MLK food drive brings out thousands in St. Louis
ST. LOUIS, Mo. (KMOV) - The line of cars stretched over a mile long on Monday afternoon with thousands waiting for food from the Urban League of St. Louis annual food drive.
The Urban League teamed up with the St. Louis-Area Foodbank to pass out over 100,000 tons of food.
“To see young and old, black and white, rich and poor, to see everybody in the entire community come before a common cause to celebrate one of the greatest leaders this world has ever known,” said Michael McMillan, President and CEO of the Urban League of St. Louis.
After spending money on Christmas presents and her kid’s birthday, Virginia Brown needed a chance to catch up.
“My daughter turned four on the 5th, my sister’s birthday is coming up next month, it doesn’t stop for me,” said Brown.
Others, including Karen Robinson, are taking this food and giving it right back out to the needy.
“I bless other people with the food that I get not just here but the pantries and feeding people up and down the blocks I live in.”
McMillan said they’re following Dr. Martin Luther King’s lead of taking action to make change.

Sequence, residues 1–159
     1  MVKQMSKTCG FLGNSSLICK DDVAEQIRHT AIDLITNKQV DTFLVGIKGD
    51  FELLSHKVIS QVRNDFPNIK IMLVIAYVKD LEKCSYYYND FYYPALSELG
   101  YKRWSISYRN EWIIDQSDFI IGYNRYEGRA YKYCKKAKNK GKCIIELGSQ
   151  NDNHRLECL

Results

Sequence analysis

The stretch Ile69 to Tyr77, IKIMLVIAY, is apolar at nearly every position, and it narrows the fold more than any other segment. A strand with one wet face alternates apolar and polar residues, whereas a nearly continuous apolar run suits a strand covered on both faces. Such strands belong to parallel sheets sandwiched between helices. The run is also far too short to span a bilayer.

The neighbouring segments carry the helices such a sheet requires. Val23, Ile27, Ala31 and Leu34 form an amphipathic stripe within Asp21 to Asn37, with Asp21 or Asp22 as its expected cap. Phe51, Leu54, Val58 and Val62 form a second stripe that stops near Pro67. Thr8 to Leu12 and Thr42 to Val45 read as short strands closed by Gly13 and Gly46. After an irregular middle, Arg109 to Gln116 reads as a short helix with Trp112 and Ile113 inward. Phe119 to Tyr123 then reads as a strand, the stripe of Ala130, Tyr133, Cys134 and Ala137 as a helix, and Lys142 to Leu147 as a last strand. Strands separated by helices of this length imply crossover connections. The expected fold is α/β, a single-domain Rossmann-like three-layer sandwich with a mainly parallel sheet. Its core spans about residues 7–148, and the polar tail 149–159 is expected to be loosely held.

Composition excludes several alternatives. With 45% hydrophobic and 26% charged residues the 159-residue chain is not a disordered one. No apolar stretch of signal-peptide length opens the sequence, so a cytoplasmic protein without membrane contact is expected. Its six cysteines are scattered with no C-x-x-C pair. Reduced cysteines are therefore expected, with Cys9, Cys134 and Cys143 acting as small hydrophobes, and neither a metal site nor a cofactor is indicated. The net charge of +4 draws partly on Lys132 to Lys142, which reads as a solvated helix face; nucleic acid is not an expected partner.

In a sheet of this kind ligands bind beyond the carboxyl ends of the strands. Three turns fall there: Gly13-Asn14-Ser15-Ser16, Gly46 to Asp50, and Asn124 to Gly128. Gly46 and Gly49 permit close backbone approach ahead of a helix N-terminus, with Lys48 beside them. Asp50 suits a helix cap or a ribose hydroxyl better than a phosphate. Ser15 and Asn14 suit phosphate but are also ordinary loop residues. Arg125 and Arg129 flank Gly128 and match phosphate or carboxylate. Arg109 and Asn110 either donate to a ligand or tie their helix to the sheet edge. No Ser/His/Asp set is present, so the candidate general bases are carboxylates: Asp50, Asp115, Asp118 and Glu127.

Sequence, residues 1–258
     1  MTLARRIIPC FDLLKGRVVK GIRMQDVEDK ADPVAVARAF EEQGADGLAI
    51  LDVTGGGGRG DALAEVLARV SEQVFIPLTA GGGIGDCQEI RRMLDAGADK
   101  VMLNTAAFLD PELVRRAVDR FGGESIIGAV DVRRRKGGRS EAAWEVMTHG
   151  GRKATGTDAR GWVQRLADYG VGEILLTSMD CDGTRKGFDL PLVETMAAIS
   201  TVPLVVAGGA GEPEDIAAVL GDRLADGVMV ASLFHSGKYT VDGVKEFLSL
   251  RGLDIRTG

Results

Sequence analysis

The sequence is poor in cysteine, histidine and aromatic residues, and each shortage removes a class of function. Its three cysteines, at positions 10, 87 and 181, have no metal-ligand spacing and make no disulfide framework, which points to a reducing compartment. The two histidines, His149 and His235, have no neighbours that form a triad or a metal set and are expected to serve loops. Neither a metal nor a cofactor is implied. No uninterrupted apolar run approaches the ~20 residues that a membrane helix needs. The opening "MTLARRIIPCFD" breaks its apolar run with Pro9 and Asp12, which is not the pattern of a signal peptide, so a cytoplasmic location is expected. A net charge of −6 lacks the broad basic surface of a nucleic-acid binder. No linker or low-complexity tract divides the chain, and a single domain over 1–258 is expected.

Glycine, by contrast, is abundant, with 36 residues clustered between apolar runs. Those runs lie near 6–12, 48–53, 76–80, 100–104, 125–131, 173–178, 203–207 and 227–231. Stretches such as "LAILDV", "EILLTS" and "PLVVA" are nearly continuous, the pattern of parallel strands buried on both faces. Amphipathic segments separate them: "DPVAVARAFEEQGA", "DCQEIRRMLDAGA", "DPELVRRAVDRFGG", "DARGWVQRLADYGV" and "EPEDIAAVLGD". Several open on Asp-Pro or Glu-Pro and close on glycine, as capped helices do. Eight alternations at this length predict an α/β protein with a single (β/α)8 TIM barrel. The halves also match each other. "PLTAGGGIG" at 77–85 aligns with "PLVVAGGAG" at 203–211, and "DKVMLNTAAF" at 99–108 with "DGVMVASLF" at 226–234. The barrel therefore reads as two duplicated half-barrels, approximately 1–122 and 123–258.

“Do not just talk about doing something but actually get out there and do something to bring about change and do it on a consistent basis,” said McMillan.
Ama Aningo wanted to make a difference on MLK Day so badly he took off work and brought his son to help volunteer.
“I brought my senior in high school to try and take a moment to appreciate what we have and help folks that we can,” said Aningo.
Each car was given about two weeks worth of food, including a turkey, canned goods and dairy products. In total it cost around $200,000, which takes an army of volunteers to hand out.
Every volunteer essentially worked on an assembly line, and many were there just to keep the cars moving. While it was important work, volunteers could be seen laughing, joking and even dancing to Footloose.
“I know they’re going to go back to share the love and the laughter they have today,” said volunteer Brian Barbee, who came from Kansas City to volunteer.
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